Alas, Madame Hook was right. The Hook's foreclosure listings each week are packed with county and city homeowners on the brink of losing the roofs over their heads. Some builders did close down or simply reinvented themselves in sleeker molds– Jefferson Area Builders, for one– but thank goodness the Madame was also right about the third part of her prediction. There are signs of economic repair: an $8,000 first-time homebuyer tax credit coupled with how-low-can-you-go interest rates have boosted home sales, builders are building again, although perhaps more cautiously than in the spec-house crazed days of yore, and home prices– at least locally– seem to have stabilized about 15 percent below the peaks they hit in 2006 or so. It's not nearly the catastrophe that other American cities have suffered, although real estate analyst Jim Duncan says we may see a further loss in value of at least "a little bit." The bright side of the decline, says Duncan, is that people are staying in their homes longer and therefore building stronger neighborhood connections. "That," he says, "is really good for the community as a whole." Bravo! Way to look at the bright side, Jim, and good job, Madame Hook!
•"The Crozet Cougar," Madame Hook said, "will return." Would 2009 be the year the elusive feline was captured? Madame Hook looked perplexed. "I think not in a cage," she said, "but perhaps by a camera."
Hmmm. It's tough to see any way in which this prediction could be accurate. There were no reported sightings of the big cat in 2009 (at least of which the Hook is aware), so perhaps Madame Hook misunderstood her vision. If that pretty kitty shows up sometime soon, we'll know Madame simply saw further into the future than she initially thought.
Looks like Madame Hook batted .500 this year– better than last year's 40 percent accuracy– and impressive, we feel, considering she conjures her visions out of thin air (and the pages of our newspaper.)
And now on to this year's predictions.
*"I hear jackhammers and heavy equipment, "says Madame Hook, her eyes closed and her newly plump lips pursed. "There are cars, many cars, traveling north to south, south to north. But strangely, I'm hearing the word 'park,' even though all of these cars are moving." Ahhh, of course! If we had to bet, we'd guess Madame is seeing the Meadowcreek Parkway, and this vision signals that the city, after three decades of strife and inertia, will at last get started on its portion of the road through McIntire Park.
*"I see wine for $3.99," says Madame Hook, "There are organic and international foods of all sorts. The people of Charlottesville wouldn't trade..." She trails off, nodding and smiling knowingly. "Yes, I said trade," she repeats. "You, my lovelies, will have your Trader Joe's by the end of this year."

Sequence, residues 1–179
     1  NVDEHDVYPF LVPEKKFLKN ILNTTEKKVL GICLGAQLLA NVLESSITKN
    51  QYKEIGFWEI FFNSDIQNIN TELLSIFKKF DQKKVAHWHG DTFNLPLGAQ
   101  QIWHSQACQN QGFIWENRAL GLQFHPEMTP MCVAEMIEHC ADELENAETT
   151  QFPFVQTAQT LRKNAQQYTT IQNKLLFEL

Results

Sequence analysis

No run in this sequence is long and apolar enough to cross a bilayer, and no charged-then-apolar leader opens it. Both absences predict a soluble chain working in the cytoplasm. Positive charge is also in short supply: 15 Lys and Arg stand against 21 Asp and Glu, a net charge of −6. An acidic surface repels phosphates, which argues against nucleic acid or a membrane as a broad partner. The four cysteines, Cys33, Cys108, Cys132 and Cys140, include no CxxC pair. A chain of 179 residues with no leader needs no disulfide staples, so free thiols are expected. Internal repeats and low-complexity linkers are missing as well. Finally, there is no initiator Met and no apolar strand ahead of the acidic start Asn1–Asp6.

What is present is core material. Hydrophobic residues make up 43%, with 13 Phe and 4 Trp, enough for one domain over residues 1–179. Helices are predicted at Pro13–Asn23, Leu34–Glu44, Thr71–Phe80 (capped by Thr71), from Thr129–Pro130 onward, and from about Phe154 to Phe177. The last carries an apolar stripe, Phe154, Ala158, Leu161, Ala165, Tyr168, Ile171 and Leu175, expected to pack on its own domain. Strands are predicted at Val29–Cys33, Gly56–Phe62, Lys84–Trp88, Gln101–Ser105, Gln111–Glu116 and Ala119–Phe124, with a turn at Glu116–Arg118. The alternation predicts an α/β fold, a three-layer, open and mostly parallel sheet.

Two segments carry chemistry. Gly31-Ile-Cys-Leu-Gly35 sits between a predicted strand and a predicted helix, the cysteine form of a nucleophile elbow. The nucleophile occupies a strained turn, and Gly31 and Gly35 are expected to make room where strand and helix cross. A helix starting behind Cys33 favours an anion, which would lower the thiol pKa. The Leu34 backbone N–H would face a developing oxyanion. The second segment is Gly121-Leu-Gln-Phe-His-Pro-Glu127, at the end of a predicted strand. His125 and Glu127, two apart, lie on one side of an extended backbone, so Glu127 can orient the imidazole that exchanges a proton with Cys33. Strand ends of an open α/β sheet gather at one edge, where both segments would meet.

*"Dam it, dam it, dam it!" Madame Hook shouts suddenly in a deeper voice than normal, her exclamation jarring our ears, since she has never before used colorful language in her predictions. But it's soon clear Madame Hook is not cursing– she's channeling Rivanna Water and Sewer Authority chief Tom Frederick, whose frustration reaches a boiling point, so to speak, over opposition to his 50-year water plan, which includes at its heart a dam that may cost double what he had predicted. "Just as cursing is frowned upon in public," Madame Hook says, her voice once again her own, "so shall this dam be." And like a mother redirecting her child to substitute a less offensive word, Madame Hook gently suggests another "d" word for Frederick to embrace in 2010: "Dredge."
*"Gaga. Gaga," says Madame to our confusion, and initially, concern. Has Madame suddenly regressed? we wonder. Or is someone prominent expecting an unplanned bundle of joy? But when she turns, and with a glazed expression asks if we, ahem, "want to take a ride on her disco stick," we understand immediately. Lady Gaga will appear at John Paul Jones!
Her predictions complete, Madame Hook gives one last round of hugs, then departs, leaving us with visions of the year yet to come dancing through our heads– and an envelope containing several other predictions she makes us promise not to read until Christmas morning. Nosey reporters that we are, we couldn't wait...
*The Schilling Show host Rob Schilling appears no less than four times on Fox News and sees his radio career take off nationally.
*UVA football fans ditch the "sea of orange" urged by ousted Coach Al Groh, opting to return to the coats, ties and sundresses of yesteryear. A winning season follows!
*Rivanna Solid Waste Authority launches a class action suit against recycler Peter van der Linde, urging the homeless to join them in the class claiming Van der Linde deprived them of their income by making recycling "too easy."
*A wealthy libertarian, angry at the exorbitant cost of this year's downtown rebricking, commissions Weird Al Yankovich to cover the Pink Floyd classic, titling it "Just another Brick in the Mall."